Sieved soils (<2 mm) were well mixed with basal nutrients and individual treatments of K and Na, and filled into undrained plastic pots (diameter 190 mm, depth 190 mm) at 6 kg/pot. Basal nutrients were applied at the following rates (mg/kg): 103 (NH4)2HPO4, 237 Ca(NO3)2.4H2O, 80 MgSO4.7H2O, 18 FeSO4.7H2O, 14 MnSO4.H2O, 9 ZnSO4.7H2O, 8.3 CuSO4.5H2O, 0.33 H3BO3, 0.3 CoSO4.7H2O, 0.33 Na2MoO4.2H2O. Seeds were washed with 5% (w/w) hypochlorite solution for 1 min, thoroughly rinsed and soaked in de-ionised (DI) water for 2 h, and then placed in a refrigerator at 4°C overnight. The sprouted seeds were transferred to trays containing 0.05 mM CaCl2 solution, and covered for 2 days. Five germinated seeds per pot were transplanted, and 10 days later the seedlings were thinned to three plants per pot. During the experiment, the pot soils were watered daily to field capacity (15% w/w) with DI water. The plants were supplied with 0.5 mM urea solution fortnightly to maintain adequate N supply. The pots were re-arranged every week to reduce positional effects on plant growth.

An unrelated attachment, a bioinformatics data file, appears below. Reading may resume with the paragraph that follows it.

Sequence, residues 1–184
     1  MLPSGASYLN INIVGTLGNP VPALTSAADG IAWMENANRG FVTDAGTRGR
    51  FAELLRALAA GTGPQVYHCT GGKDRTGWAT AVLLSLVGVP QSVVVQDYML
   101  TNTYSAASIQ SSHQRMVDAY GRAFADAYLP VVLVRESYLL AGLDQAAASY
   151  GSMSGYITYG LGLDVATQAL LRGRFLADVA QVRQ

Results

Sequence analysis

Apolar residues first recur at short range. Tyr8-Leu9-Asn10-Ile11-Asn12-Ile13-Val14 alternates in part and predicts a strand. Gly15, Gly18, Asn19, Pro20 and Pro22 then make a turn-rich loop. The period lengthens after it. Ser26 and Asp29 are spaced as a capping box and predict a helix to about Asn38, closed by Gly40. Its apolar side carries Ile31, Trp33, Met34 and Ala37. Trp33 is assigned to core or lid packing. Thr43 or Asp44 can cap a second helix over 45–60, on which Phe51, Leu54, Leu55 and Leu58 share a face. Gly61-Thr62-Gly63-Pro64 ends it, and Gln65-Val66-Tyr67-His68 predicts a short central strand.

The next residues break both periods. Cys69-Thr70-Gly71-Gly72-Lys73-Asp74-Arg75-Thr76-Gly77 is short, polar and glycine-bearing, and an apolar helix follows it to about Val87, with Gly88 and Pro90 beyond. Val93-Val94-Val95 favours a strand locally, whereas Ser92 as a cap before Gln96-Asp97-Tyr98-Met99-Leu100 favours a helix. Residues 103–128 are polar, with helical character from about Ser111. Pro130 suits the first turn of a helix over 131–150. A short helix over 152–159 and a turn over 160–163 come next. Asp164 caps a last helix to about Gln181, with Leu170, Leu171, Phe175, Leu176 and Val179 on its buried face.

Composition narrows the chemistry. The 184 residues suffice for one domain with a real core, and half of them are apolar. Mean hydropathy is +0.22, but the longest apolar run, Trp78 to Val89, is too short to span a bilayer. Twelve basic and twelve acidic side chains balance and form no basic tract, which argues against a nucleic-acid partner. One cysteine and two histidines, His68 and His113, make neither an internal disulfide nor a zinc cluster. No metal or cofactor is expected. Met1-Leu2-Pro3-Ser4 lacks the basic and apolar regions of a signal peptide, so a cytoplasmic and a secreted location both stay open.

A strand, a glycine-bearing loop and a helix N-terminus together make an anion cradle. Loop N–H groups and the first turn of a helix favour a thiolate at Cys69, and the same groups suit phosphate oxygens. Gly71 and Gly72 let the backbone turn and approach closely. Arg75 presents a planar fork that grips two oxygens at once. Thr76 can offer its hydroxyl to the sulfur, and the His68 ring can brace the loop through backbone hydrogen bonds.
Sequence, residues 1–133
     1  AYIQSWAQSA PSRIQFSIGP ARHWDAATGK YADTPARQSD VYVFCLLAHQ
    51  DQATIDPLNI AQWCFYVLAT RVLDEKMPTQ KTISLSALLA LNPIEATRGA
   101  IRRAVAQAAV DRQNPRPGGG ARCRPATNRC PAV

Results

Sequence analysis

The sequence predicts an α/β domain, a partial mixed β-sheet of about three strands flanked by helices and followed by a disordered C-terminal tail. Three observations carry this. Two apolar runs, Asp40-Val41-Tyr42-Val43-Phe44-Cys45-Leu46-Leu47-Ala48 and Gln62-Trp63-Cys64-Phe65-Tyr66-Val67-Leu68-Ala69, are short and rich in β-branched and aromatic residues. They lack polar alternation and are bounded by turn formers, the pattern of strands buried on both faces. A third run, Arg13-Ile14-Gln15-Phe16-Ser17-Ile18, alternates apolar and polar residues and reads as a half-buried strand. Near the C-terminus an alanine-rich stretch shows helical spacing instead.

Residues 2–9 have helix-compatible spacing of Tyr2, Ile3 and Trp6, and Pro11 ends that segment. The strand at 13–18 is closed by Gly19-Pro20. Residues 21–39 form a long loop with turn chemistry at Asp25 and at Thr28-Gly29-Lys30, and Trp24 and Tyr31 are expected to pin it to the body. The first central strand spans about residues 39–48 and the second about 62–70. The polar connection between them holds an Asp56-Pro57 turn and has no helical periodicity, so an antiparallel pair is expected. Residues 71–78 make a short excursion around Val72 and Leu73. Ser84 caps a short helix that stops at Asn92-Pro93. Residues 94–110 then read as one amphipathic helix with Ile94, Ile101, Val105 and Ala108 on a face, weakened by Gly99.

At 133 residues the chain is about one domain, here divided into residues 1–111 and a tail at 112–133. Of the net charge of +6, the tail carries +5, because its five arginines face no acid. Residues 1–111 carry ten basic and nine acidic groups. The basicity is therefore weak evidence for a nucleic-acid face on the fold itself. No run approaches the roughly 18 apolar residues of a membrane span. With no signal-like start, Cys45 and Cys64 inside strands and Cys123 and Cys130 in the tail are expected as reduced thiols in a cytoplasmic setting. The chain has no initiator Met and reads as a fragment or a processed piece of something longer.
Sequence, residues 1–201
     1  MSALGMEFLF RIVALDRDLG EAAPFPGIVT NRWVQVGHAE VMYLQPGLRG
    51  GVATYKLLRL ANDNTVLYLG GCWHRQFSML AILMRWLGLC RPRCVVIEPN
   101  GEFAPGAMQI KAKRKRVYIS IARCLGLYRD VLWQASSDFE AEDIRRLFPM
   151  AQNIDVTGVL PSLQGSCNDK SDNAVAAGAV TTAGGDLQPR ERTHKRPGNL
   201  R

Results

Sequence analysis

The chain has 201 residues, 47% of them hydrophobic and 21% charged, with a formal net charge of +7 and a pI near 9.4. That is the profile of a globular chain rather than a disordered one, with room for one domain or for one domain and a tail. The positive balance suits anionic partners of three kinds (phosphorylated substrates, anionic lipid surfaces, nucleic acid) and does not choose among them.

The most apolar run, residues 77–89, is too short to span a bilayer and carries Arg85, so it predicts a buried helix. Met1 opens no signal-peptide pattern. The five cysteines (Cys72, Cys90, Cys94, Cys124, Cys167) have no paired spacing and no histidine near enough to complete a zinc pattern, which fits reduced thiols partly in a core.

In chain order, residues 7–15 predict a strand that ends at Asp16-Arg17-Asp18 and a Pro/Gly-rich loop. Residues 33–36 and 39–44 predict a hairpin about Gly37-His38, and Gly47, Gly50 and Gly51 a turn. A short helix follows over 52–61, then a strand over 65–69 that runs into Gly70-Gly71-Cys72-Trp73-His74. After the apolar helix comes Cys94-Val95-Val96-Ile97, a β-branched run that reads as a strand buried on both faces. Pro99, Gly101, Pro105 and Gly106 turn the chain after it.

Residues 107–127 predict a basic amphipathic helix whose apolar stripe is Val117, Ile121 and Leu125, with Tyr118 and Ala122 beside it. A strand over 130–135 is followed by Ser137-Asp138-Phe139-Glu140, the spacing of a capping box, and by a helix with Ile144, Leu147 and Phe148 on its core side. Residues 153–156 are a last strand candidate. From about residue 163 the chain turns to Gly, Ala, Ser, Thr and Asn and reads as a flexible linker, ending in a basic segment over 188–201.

Potassium and Sodium Treatments
Two soil K levels were applied: 40 mg K/kg (low) and 100 mg K/kg (adequate) based on earlier trials (Ma et al., 2011). Muriate of potash (KCl) was used as it is the dominant K fertilizer (Moore, 2004). Each soil K level also included five Na levels: nil, 25, 50, 100, and 200 mg Na/kg supplied as NaCl. Equivalent Na concentrations in soil solution were 0, 7.25, 14.5, 29.1, and 58.2 mM, respectively, while ECe (electrical conductivity of saturated soil extract) values for Na treatments at 40 K were 0.85, 1.26, 2.66, 5.18, and 10.9 dS/m and at 100 K were 1.23, 1.82, 3.78, 7.28, and 13.7 dS/m. Therefore, the experiment comprised a factorial combination of four wheat cultivars, two K levels, and five Na levels. All the treatments were replicated three times. At potting, individual treatments with various K and Na levels were mixed thoroughly with basal nutrients using a rotary mixer.